RHEINBERGER: Organ Concertos Nos. 1 and 2
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Joseph Gabriel Rheinberger (1839-1901)
On the matter of combining organ and orchestra,experts have spoken in no uncertain terms. HectorBerlioz in his Treatise on Instrumentation from the1850s stated that the resources of the organ \are sonumerous and diverse that no composer, in our opinion,can understand them adequately unless he himself is anaccomplished organist". He also felt that "the even anduniform tones of the organ can never fuse completelywith the extremely variable sounds of the orchestra;there is a secret antipathy between these two musicalpowers", which he likened to a pope and an emperor.
Berlioz, though, himself combined them, together withvoices, in his massive Te Deum, and Richard Strauss,who updated the Treatise half a century later, and let theforegoing remarks stand, called for the organ in suchscores as Also sprach Zarathustra and the AlpineSymphony. Clearly, then, a successful combination ispossible, but it requires a composer with experience andsolid technique.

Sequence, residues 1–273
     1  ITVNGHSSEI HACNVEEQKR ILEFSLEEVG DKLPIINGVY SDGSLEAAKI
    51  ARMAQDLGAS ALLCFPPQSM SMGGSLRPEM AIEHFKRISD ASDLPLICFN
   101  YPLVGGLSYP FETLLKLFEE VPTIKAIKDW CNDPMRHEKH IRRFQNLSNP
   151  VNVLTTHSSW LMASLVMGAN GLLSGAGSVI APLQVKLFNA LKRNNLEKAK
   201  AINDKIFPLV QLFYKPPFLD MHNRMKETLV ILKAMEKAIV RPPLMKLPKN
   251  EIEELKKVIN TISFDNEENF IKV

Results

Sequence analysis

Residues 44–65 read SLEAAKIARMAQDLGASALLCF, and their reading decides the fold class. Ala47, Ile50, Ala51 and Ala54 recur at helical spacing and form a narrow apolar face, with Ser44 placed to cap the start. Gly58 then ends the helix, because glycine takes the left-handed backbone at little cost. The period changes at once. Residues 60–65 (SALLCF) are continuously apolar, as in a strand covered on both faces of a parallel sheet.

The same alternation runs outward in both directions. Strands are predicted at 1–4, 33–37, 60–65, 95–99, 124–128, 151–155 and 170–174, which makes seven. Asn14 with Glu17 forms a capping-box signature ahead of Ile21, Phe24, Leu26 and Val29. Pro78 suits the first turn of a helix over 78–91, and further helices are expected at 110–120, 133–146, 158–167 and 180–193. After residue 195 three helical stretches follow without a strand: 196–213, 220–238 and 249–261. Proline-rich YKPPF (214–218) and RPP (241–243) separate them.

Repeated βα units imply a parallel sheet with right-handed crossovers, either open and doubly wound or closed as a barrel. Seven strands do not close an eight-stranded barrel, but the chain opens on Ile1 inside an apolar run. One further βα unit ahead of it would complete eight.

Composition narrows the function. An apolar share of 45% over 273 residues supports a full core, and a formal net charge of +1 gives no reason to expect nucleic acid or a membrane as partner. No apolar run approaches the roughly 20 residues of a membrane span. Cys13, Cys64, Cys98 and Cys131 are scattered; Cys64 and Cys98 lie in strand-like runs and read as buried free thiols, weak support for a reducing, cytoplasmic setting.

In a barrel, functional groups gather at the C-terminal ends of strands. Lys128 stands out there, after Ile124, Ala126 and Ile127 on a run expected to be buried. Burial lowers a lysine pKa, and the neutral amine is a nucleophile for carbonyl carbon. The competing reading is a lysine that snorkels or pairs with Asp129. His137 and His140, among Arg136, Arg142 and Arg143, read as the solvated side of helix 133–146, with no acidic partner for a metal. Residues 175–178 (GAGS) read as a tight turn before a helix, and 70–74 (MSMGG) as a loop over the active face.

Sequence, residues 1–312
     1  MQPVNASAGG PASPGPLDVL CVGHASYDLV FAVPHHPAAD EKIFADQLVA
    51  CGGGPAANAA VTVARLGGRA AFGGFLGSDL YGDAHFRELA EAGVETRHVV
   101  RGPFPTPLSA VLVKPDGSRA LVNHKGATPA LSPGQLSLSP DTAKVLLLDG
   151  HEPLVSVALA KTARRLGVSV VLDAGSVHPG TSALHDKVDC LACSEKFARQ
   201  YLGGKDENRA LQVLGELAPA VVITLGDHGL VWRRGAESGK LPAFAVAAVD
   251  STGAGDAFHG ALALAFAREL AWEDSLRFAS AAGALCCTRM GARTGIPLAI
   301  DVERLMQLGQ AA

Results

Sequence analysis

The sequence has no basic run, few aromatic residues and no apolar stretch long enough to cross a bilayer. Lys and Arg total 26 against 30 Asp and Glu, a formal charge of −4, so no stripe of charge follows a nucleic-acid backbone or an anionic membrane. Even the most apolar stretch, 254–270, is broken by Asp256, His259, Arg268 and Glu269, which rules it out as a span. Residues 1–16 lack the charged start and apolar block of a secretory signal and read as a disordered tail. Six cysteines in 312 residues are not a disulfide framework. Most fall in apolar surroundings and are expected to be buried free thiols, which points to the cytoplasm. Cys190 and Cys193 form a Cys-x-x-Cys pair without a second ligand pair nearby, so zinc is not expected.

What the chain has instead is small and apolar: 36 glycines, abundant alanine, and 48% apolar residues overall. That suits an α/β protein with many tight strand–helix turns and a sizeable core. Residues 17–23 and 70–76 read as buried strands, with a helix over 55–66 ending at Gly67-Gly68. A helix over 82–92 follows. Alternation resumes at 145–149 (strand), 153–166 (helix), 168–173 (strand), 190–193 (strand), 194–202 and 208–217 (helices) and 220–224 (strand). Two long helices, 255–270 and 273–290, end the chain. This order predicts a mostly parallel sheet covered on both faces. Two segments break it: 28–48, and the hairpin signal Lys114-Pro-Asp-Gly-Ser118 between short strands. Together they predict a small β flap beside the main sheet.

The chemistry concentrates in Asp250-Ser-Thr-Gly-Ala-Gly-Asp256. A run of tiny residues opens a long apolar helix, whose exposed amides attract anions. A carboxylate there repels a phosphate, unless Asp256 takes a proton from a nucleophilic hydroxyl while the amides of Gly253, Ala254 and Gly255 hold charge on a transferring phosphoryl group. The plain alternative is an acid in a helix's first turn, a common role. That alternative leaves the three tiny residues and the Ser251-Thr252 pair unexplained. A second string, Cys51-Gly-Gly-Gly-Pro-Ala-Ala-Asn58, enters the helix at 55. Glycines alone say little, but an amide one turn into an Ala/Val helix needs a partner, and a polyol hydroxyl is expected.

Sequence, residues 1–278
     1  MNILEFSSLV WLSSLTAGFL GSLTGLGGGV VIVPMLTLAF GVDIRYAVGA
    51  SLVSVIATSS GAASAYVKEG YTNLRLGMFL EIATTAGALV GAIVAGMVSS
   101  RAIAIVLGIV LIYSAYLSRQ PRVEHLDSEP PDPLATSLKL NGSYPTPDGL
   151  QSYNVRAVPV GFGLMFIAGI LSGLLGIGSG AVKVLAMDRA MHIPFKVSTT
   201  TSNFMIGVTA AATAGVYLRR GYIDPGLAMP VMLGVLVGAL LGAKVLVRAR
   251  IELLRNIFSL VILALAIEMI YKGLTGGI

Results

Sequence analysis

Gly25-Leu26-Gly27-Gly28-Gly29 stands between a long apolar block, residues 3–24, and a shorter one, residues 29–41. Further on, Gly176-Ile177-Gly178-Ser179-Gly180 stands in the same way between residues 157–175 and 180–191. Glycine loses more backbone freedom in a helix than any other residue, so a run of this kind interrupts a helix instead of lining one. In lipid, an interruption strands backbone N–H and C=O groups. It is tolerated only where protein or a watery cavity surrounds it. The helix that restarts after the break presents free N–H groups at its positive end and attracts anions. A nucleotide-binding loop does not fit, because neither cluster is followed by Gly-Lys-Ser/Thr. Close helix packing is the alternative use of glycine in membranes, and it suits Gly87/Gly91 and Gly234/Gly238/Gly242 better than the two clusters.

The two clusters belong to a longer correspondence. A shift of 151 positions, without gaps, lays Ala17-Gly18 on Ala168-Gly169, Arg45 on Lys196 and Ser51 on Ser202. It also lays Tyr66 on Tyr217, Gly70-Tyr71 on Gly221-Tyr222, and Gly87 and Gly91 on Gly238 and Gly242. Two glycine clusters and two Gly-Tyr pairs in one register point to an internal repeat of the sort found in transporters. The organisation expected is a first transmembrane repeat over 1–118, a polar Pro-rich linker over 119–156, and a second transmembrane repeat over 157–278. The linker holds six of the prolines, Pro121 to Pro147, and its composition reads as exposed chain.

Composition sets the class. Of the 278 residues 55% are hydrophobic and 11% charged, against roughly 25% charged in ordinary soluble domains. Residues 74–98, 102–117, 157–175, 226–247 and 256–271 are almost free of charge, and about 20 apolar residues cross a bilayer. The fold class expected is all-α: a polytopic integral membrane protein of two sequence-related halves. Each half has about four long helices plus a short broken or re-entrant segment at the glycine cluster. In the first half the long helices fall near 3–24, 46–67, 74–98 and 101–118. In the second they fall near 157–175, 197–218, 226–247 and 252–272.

Few people could have been any more qualifiedthan Joseph Gabriel Rheinberger. He became organistof his hometown parish in Liechtenstein at the age ofseven, entered the conservatory in Munich at twelve,was offered a professorship in piano there at nineteen,later acquired positions in organ and composition thathe held until shortly before he died, and was the directorof church music to the King of Bavaria from 1877 to1894. Rheinberger is known today primarily for hisorgan music, notably twenty sonatas, all in differentmajor or minor keys, and the two present concerti, andyet the organ figures in only about one-sixth of his 197published works. Certain convenient generalisationsabout late-nineteenth-century German music do himinjustice, one being that Germany during this periodproduced no historically significant Roman Catholiccomposers, and the other being that most musicianstook sides between Johannes Brahms and RichardWagner and never set foot in the other camp once theydid so.